JERUSALEM — Amnesty International published a report early Wednesday accusing Israel of war crimes in its 50-day war with Hamas in the Gaza Stripthis summer, saying its military showed “callous indifference” to civilians in airstrikes on homes that felled entire families.
The report also said that “Palestinian armed groups fired thousands of indiscriminate rockets and mortar rounds into civilian areas of Israel,” suggesting violations of international law by both sides.
But virtually all of its 49 pages were devoted to eyewitness testimony and expert analysis of weaponry in eight Israeli attacks that killed 104 people, 59 of them under 18. Amnesty found evidence of military targets in at least four of the cases, but argued that these were nonetheless “grossly disproportionate.”
Among the victims, the report said, were people who had fled their homes after Israeli warnings of danger there, and were staying with relatives after having found no space at United Nations shelters. Though the Israeli military phoned Gaza residents or dropped lighter missiles — called “a knock on the roof” — to warn of some impending bombings, Amnesty said it found no such notice given in these cases.
An Israeli military spokesman said all eight cases were among more than 90 under after-action review by the military itself, which has moved more swiftly than in previous conflicts to conduct criminal investigations and other probes into soldiers’ and commanders’ conduct. Israel’s foreign ministry said in a statement that the report “accuses Israel of wrongdoing while producing no evidence” and “ignores documented war crimes perpetrated by Hamas,” the militant Islamist movement that dominates Gaza.
Israeli officials said during and since the bloody battle that Hamas endangered civilians and committed the war crime of human shielding by conducting military operations from homes as well as hospitals, mosques and schools, including several run by the United Nations where weapons were found.
“The report does not mention the word terror in relation to Hamas or other armed Palestinian groups, nor mention tunnels built by Hamas to infiltrate Israel and perpetrate terror attacks,” read the statement from Israel’s embassy in London, where the Amnesty report was released. “By ignoring the nature of the enemy Israel faced in Gaza — a terror group recognized as such by the European Union, the United States and others — Amnesty’s report fails to contribute to the important discussion needed to solve the conflict.
“Instead,” the statement adds, “Amnesty serves as a propaganda tool for Hamas and other terror groups.”
During the 50-day war, six civilians, including a 4-year-old boy, were killed on the Israeli side, along with 67 soldiers. Nearly 2,200 Palestinians, including more than 500 children, were killed in Gaza, according to the United Nations; some 100,000 buildings were damaged or destroyed.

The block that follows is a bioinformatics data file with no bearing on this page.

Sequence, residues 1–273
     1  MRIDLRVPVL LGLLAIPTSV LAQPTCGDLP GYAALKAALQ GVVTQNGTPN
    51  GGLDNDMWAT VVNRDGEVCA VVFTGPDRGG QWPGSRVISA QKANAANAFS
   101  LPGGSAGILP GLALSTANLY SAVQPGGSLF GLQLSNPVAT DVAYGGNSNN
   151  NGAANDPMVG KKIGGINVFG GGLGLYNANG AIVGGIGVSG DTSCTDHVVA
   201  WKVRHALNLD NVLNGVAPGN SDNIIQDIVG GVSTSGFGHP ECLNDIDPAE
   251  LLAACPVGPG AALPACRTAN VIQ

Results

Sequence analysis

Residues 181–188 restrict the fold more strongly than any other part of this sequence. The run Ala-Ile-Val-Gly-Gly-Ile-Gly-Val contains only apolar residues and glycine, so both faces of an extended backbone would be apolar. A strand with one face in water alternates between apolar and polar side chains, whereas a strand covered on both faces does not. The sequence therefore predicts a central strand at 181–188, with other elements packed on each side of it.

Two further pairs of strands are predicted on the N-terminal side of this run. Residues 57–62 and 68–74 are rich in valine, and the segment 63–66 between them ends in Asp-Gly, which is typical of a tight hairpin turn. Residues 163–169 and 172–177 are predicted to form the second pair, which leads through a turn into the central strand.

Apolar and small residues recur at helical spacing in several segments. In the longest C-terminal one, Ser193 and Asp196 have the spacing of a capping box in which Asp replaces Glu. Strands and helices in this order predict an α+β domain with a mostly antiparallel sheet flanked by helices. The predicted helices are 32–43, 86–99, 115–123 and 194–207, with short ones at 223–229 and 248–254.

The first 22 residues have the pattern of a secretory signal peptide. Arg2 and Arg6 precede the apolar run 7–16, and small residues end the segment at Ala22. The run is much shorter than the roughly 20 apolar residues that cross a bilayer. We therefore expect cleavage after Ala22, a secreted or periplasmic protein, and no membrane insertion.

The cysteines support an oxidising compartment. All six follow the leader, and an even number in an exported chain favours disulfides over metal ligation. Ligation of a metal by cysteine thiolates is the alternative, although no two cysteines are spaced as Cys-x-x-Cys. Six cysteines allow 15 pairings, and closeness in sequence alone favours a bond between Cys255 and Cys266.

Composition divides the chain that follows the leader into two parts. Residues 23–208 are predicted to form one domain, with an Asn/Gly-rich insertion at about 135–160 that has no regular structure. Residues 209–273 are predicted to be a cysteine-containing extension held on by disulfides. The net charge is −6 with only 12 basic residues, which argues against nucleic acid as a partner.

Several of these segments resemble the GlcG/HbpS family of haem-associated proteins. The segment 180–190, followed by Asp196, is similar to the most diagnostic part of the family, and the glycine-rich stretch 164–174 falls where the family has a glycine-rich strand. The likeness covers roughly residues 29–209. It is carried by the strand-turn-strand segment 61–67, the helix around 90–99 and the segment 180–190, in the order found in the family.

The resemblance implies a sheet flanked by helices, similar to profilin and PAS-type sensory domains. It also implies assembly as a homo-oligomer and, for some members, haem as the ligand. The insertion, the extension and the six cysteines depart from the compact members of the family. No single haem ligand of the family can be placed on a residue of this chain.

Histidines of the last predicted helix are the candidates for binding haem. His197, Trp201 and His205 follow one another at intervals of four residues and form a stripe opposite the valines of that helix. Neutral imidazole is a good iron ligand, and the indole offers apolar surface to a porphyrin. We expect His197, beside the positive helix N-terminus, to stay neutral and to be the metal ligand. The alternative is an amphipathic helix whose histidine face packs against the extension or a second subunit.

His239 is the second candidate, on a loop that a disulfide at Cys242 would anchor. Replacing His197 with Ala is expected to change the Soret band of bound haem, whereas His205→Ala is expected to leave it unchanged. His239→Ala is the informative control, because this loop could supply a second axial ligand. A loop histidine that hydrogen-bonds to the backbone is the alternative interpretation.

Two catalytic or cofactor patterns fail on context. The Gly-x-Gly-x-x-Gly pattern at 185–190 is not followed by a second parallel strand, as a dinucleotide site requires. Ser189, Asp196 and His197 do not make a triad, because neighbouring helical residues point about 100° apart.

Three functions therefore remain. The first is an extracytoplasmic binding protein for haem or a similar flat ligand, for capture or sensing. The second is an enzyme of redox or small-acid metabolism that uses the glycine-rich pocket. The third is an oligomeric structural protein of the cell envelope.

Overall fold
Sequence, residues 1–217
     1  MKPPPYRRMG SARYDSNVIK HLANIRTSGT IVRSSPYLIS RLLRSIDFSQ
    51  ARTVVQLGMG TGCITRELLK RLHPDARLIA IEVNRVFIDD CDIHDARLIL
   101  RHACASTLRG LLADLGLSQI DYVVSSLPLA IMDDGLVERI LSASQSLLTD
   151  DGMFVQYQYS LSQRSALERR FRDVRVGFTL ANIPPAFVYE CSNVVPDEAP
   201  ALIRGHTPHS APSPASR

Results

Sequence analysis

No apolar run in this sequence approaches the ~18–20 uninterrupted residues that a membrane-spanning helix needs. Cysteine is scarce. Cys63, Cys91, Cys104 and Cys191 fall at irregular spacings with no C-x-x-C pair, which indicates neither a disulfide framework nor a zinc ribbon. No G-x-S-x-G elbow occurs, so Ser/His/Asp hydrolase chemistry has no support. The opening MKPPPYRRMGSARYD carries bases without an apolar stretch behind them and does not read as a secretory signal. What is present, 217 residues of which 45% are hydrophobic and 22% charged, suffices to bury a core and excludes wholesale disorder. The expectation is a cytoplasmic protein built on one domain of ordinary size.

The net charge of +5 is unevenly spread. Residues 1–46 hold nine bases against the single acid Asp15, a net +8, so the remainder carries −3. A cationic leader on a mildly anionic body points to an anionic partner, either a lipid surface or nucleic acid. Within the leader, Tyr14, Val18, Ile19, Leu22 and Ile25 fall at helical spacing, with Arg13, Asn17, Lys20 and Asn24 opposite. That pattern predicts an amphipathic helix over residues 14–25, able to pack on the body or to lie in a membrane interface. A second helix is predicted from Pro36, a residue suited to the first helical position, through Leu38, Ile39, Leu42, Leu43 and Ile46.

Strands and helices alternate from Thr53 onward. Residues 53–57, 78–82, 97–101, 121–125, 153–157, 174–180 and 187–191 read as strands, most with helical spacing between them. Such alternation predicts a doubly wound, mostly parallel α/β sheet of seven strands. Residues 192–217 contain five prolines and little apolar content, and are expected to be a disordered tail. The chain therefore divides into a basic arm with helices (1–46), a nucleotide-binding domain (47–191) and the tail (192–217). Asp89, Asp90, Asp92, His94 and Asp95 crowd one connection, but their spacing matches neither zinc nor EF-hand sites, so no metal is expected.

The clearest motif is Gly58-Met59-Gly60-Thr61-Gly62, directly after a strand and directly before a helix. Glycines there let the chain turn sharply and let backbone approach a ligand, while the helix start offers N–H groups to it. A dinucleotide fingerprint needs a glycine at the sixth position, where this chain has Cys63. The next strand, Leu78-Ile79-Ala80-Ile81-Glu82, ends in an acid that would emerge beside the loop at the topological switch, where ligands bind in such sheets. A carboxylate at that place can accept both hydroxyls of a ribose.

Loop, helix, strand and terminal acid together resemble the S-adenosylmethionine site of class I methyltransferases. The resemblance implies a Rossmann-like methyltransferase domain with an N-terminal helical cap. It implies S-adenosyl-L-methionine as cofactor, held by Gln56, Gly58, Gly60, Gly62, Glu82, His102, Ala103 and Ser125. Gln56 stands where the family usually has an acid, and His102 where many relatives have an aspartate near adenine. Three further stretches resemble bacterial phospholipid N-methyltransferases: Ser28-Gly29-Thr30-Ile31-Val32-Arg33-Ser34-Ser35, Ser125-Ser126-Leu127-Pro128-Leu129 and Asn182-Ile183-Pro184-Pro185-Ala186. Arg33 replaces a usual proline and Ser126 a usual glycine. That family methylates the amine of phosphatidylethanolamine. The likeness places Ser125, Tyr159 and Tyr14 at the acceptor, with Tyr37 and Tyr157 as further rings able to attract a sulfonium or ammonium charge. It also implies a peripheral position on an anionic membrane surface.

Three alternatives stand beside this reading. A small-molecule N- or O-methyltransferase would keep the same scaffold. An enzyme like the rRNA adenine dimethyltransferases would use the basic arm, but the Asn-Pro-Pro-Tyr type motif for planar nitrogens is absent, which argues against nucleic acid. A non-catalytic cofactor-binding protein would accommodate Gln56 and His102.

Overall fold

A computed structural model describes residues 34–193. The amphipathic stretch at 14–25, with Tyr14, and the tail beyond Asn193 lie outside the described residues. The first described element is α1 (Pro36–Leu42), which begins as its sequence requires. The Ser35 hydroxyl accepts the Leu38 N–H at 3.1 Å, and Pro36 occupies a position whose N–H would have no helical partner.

“The repeated, disproportionate attacks on homes indicate that Israel’s current military tactics are deeply flawed and fundamentally at odds with international humanitarian law,” said Philip Luther, director of Amnesty’s Middle East and North Africa program, said in a statement accompanying the report, which was released just after midnight.
Israel on Tuesday reopened its crossing points into Gaza, two days after closing them in response to a rocket having been fired from Gaza into Israel on Friday night, a violation of the Aug. 26 cease-fire. Robert Serry, the United Nations special coordinator for the Middle East peace process, announced Tuesday that its reconstruction effort had begun in Gaza, with 700 families being allowed to purchase materials to repair their homes by Monday evening.
But Robert Turner, the Gaza director of the United Nations Relief and Works Agency, told reporters Tuesday that he did not yet see a functioning Palestinian government on the ground, and reiterated concerns over Israel’s continued restrictions on Gaza travel and trade. Reuters quoted Mr. Turner, whose agency runs education, health and other services for 70 percent of Gaza’s population, as saying, “If we do not have political stability, I think if we do not have a national Palestinian government, I think if we do not have at least an easing of the blockade, yes, there will be another war.”
The Amnesty report, the most detailed yet on the war by an international group, calls for both Israel and the Palestinians to join the International Criminal Court so it can prosecute cases from this summer, and urges Israel to participate in an inquiry by the United Nations Human Rights Council that it has so far boycotted out of concern for predetermined bias.
Amnesty said its employees had been barred by Israel from entering Gaza since 2012, and thus relied on two fieldworkers who visited the site of each bombing multiple times. Military experts enlisted by Amnesty reviewed photographs and videos from the sites, according to the report, and surmised that 1- and 2-ton bombs were used.
The bulk of the report comprises survivors’ accounts.
“We couldn’t hear the kids, their voices had completely gone — that’s when I realized they were all dead,” Khalil Abed Hassan Ammar, a doctor, is quoted as saying about the July 20 strike on his home in Gaza City. “I only recognized Ibrahim, my eldest child, when I saw his leg and the shoes he was wearing. I had bought them for him two days before.”
The Israeli foreign ministry questioned why the fieldworkers who conducted the interviews were not named in the report, and their credibility “never questioned.” It said “extreme bias” was displayed in Amnesty’s recommendations.
“Hamas is not mentioned, as if the group has no responsibility for the bloodshed; meanwhile, the report dismisses Israel’s security challenges,” the statement said.